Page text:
On the other hand, expanding expenditure has been met by rapidly rising borrowings from the public and lenders overseas. Large scale budget support from other economies comes with their economic and political costs, particularly given exigent austerity policies. The mounting public debt and the current policies cannot go on without meeting disaster. It behoves all serious political parties contesting for election to announce to the public their priorities to meet these exigencies and avert disaster.
Much of the country’s foreign exchange is earned by migrant labour overseas often in exploitative and harrowing working conditions. Nor are the garment industries and tea plantations providing the workers with a fair wage. Women who work in these sectors in particular face serious financial challenges of sustaining their families given the meagre incomes.
Furthermore, rural women and low income urban women face arbitrary and discriminatory policies relating to employment resulting in precarious conditions. Deprived women in particular are continuing to produce much of the country’s wealth, but they have gained little by way of social and economic benefit. Any new economic policy vision needs to consider these concerns of labor.
In recent years, while increasing amounts of foreign capital are flowing into the country, very little of it can be considered Foreign Direct Investment leading to production and employment. In fact, much of the capital is merely channelled into speculative investments further aggravating the conditions for economic crisis. Therefore, political parties should state how the Government can channel foreign investments towards employment creation and address some of the economic aspirations of our youth.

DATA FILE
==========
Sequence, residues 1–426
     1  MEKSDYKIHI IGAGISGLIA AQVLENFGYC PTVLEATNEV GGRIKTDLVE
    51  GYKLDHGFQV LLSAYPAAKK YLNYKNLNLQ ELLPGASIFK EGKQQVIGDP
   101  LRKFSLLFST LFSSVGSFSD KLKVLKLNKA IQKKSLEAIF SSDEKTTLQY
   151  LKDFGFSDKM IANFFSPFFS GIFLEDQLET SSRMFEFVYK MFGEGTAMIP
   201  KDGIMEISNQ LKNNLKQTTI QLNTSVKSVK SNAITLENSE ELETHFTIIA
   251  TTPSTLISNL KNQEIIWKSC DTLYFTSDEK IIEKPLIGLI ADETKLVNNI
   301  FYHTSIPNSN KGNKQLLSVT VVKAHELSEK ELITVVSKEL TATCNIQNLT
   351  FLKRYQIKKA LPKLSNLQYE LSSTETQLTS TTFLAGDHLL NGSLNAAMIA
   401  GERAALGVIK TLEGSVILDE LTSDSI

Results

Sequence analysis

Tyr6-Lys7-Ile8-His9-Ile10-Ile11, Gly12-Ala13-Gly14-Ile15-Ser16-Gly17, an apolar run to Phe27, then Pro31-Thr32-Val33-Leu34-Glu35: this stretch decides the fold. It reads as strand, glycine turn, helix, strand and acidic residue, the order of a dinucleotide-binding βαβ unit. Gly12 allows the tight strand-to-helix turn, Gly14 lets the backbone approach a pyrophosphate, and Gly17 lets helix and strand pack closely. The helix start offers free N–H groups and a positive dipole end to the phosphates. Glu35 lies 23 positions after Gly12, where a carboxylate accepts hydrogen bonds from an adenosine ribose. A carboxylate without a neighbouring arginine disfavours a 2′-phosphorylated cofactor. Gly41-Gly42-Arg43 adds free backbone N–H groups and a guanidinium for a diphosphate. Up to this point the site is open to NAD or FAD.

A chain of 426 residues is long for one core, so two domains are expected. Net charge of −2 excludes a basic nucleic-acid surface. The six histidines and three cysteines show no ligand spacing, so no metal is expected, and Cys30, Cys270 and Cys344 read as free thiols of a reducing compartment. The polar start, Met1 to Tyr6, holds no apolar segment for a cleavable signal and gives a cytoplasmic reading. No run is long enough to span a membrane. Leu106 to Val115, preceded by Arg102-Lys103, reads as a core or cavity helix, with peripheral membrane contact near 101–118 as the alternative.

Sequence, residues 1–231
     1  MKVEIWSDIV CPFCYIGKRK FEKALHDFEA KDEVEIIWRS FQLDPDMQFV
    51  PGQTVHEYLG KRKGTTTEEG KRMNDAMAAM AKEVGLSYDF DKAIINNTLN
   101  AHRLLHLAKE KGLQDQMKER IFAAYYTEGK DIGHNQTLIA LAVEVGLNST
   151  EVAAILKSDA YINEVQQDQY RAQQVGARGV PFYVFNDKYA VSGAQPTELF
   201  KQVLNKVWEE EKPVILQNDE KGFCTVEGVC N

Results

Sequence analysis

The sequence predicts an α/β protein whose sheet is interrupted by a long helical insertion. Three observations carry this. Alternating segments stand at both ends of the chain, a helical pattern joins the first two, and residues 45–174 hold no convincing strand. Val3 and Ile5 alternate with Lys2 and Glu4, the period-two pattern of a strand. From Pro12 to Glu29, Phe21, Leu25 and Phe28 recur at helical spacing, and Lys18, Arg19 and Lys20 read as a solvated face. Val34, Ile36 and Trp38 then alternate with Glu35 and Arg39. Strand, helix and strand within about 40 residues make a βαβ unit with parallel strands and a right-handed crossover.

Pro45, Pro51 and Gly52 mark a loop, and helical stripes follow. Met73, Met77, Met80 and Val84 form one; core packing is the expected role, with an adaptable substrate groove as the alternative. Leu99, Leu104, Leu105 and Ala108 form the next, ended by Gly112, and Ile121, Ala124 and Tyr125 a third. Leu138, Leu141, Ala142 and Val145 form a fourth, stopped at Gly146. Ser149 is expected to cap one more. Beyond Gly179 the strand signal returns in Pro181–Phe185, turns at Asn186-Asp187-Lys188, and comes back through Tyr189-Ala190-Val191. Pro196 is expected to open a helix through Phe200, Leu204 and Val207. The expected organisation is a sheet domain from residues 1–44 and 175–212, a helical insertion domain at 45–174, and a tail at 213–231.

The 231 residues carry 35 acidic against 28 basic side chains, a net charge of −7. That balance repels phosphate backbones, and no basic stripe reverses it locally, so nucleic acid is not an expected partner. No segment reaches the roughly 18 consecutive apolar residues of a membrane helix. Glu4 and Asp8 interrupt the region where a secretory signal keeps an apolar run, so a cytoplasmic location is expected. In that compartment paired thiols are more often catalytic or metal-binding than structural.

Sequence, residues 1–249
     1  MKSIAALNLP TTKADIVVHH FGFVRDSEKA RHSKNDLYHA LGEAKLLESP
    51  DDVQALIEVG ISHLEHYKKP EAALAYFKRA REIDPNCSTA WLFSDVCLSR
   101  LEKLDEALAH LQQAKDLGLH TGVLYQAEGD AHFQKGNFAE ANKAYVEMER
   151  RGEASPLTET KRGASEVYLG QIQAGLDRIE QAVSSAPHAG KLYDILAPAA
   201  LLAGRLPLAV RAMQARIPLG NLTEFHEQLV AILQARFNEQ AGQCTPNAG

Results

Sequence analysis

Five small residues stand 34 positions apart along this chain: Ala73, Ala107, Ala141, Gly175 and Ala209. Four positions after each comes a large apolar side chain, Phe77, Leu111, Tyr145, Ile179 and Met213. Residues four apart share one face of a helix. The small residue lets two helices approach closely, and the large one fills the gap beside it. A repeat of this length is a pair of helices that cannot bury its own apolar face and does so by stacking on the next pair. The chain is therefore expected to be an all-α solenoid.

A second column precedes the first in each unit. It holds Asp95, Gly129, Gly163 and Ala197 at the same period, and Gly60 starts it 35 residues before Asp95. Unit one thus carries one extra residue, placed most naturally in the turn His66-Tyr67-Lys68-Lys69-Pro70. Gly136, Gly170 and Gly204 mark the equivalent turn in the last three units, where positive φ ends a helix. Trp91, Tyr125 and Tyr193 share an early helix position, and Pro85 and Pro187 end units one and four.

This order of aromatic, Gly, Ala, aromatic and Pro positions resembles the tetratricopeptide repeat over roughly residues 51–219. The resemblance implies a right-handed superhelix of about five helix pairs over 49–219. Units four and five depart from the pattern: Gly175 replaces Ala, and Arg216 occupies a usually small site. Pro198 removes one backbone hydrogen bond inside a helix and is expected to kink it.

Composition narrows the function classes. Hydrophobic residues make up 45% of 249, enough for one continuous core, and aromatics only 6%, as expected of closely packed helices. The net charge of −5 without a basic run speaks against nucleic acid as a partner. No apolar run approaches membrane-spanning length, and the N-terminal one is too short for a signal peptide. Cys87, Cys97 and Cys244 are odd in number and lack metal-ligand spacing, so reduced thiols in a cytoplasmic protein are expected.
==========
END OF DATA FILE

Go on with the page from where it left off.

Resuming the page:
Reconstruction and development
Over the last many decades economic policies and the war have contributed to uneven development and rising inequalities. The war-torn regions in particular continue to be mired in a social and economic crisis characterized by falling incomes and rising indebtedness. We are yet to see a meaningful reconstruction vision from the Government or the political parties.
The rural people and the urban poor are increasingly neglected, with little investment in their productive capacities. In fact, the marginalised sections of our society, and particularly women, are further exploited through cycles of debt by unregulated and high interest levying financial institutions. Next, there needs to be a comprehensive review of agricultural and fisheries policy and possibilities of greater productive investment needs to be considered.
The need of the hour is a just vision for reconstruction and economic development that must emerge in tandem with reconstructing a democratic political culture.
(The Friday Forum is an informal group of concerned citizens pledged to uphold norms of democracy, good governance, the rule of law, human rights, media freedom and tolerance in our pluralist society)